As I mentioned back when I reviewed Monument Valley ($3.99), it was bound to be a love it or hate it affair, and I was actually pleasantly surprised to see that most people felt as strongly about the experience as I did. It’s a beautiful thing to play with, an artfully-constructed world that you can manipulate and bend around in ways that only a few other games have allowed. It was a gorgeous, pure experience, free of the flashing lights and urging pace that seems to be the general speed of things in this wonderful hobby of ours. It was also very short, with a mere ten levels to its tale, about a third of which were basically tutorial stages. By the time it turned up the gas even a little bit, it was soon finished. As an experience, it’s hard to argue with it. As a mechanical game, it was a whole lot of potential with a somewhat wanting level of realizing it. Generally, it was very well-received, with most people left crying for more. So developer Ustwo got working on some more, and after several months of development, they’ve released an expansion for Monument Valley called Forgotten Shores.
As I see it, there were a few boxes to check off with this expansion. First and foremost, simply delivering more content was important for those who were still thirsty for more after the original set of stages. Second, it was important to deliver an experience at the same level of quality as the original game. Finally, seizing some of that gameplay potential ought to have been a priority. In my opinion, Forgotten Shores checks off that entire list. For the price of $1.99, half the cost of the base game, you get eight new stages, and unlike the original, none of these are spent on overtly teaching you how to play. As a result, this expansion ends up being longer than the base game even with a smaller count of stages. If you finished Monument Valley and wanted more, you’ll be all set here.
The stages are crafted just as carefully as those found in the original. I found the second-last stage of the new set to be particularly intriguing in how it unravels, and I really appreciated how well the gameplay came off in the final stage. It goes without saying that they’re visually beautiful in their construction, but there’s also a certain elegance to how they’re mechanically put together. There are several new twists to the gameplay this time around, though the game still essentially hinges around manipulating perspective. Generally speaking, each stage has more sections than we saw in the original set, and it’s always a pleasure to see just how things are connected. I also really enjoyed the way one of the stages played with audio, layering on bits as you progressed.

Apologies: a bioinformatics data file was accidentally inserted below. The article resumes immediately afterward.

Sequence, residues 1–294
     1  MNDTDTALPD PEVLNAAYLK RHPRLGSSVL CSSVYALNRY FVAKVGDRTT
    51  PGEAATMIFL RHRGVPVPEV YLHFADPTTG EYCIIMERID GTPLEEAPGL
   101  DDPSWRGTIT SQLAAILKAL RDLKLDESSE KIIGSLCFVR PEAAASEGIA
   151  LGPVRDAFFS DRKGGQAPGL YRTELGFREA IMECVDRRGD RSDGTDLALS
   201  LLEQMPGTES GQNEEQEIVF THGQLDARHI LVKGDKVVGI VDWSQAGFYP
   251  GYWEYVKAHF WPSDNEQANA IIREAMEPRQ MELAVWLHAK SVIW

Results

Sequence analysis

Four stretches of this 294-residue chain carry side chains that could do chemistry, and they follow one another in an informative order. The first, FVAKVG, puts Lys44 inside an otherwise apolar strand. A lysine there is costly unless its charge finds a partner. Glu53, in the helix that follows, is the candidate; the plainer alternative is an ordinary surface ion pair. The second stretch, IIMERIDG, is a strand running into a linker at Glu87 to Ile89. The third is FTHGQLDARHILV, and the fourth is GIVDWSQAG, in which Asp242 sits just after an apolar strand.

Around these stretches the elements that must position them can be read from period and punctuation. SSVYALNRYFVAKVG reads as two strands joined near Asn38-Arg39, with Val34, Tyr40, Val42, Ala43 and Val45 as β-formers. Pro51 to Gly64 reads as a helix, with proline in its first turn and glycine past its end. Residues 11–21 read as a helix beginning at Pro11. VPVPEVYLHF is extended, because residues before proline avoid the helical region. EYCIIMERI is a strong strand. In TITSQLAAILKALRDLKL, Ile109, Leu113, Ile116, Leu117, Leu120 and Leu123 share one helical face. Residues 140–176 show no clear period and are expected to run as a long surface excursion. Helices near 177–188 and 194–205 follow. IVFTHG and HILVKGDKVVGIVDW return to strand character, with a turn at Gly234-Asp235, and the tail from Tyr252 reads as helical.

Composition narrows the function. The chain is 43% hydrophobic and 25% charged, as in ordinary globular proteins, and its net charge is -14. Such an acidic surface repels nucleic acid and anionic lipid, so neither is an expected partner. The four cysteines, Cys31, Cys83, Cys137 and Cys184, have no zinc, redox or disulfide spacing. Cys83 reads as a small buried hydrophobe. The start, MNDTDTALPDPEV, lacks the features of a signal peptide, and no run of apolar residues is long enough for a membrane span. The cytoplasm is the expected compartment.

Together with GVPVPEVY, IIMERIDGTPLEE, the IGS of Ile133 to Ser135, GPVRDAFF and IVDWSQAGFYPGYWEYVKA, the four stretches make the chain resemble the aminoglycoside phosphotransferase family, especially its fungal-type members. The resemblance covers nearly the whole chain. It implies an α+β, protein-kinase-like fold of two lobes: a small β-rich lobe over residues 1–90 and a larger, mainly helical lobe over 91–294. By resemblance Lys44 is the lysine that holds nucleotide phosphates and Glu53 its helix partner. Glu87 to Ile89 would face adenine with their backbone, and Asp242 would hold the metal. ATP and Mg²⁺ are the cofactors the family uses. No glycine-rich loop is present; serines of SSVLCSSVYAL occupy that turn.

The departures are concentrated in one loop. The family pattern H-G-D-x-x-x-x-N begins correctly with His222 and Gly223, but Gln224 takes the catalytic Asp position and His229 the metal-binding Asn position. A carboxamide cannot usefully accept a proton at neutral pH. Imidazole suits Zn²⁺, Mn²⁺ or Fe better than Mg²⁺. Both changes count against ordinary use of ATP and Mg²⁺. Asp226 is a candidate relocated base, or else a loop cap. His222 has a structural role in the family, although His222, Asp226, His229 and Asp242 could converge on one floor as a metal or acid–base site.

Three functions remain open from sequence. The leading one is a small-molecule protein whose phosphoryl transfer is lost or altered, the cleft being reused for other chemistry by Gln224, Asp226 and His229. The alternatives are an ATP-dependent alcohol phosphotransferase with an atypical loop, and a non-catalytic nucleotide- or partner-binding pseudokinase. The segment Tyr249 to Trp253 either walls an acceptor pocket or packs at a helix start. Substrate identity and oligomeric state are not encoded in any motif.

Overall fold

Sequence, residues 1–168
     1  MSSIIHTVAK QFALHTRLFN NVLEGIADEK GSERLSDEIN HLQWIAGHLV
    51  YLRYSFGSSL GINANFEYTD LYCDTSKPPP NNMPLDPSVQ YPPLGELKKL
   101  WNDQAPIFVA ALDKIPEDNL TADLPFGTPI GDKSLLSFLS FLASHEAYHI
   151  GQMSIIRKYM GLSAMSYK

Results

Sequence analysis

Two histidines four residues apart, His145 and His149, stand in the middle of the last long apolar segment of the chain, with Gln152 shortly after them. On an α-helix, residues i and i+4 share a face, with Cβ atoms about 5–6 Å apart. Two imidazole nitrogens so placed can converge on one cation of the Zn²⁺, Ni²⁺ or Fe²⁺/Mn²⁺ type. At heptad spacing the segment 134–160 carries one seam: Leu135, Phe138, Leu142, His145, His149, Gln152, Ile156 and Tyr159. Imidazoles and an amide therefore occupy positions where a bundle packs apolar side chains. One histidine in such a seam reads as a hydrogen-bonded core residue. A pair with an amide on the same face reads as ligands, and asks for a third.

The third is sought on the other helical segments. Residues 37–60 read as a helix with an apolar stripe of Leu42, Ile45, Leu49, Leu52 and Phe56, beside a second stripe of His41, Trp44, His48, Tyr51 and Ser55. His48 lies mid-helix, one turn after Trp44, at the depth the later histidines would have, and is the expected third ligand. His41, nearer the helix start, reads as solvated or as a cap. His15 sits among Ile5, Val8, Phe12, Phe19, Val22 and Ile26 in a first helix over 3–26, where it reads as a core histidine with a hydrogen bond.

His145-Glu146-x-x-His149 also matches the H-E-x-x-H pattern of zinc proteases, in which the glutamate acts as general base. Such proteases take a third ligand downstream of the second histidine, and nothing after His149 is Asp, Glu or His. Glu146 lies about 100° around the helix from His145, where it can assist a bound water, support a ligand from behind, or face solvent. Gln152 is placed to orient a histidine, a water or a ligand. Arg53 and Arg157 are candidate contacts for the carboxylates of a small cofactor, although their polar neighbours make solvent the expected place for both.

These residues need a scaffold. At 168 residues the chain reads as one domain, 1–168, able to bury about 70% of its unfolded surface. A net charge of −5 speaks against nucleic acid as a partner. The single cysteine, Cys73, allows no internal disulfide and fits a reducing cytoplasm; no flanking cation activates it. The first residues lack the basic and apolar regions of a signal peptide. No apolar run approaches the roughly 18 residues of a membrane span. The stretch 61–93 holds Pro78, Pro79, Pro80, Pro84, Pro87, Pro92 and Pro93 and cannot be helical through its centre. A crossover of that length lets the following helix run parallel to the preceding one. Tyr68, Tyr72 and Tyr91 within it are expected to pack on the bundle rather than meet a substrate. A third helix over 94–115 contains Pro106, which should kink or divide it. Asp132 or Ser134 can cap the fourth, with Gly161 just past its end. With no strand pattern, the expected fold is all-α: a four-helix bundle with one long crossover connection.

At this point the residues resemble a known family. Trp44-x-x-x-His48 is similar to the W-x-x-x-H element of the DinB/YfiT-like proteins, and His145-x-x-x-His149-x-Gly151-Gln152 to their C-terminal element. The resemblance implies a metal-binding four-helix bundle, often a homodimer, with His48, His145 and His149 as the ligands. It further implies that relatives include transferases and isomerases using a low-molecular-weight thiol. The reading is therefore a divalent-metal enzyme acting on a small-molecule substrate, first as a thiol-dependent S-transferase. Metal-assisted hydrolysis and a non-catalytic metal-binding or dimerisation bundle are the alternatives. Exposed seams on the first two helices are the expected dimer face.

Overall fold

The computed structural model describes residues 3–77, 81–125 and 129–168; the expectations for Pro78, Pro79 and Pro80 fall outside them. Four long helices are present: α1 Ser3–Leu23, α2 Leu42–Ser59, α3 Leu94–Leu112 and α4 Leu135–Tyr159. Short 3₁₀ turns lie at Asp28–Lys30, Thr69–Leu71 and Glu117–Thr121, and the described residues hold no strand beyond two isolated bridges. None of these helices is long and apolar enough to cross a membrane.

I still think there’s a ways to go in terms of exploring the mechanics the game uses, but Forgotten Shores definitely progresses things significantly. The return of one of the memorable “characters" from the main game makes for a few reasonably complex stages, while one of the later stages goes neck-deep into Escher-town to the point that I was actually rotating my device to keep my bearings. The game also features puzzles that involve playing with water levels and flows, and situations where you have to make use of the crows in slightly more complicated ways than before. Several of the game’s puzzles felt like something you would see early- to mid-game in a modern Legend of Zelda game, which represents a clear step forward from the relatively simple puzzles of the base game. Don’t get me wrong, there’s still no way to die and I’d say it’s pretty near impossible to get stuck anywhere, but in terms of mechanics, these new stages are certainly pushing things forward.
Of course, we’re used to getting updates and expansions free on the App Store, so you’re probably wondering whether or not it’s worth paying an additional fee to extend what was a fairly short game. My answer to that depends on what you took away from the original Monument Valley. If, like me, you felt the experience of the game was well-worth the asking price of $3.99, then Forgotten Shores is a great deal. You get what amounts to an entire new game for half the price. If you thought Monument Valley was too short, too simple, and you weren’t satisfied at all with it, then Forgotten Shores isn’t likely to change your mind. If, however, you came away from Monument Valley mostly satisfied, but wished there was just a bit more meat on the bone in terms of length and mechanics, you’ll find this expansion goes a good way towards scratching any lingering itches. I’m personally very happy with this extra set of levels, though I still see a lot of possibilities waiting to be explored should Ustwo decide to follow up Monument Valley with a stand-alone sequel in the future.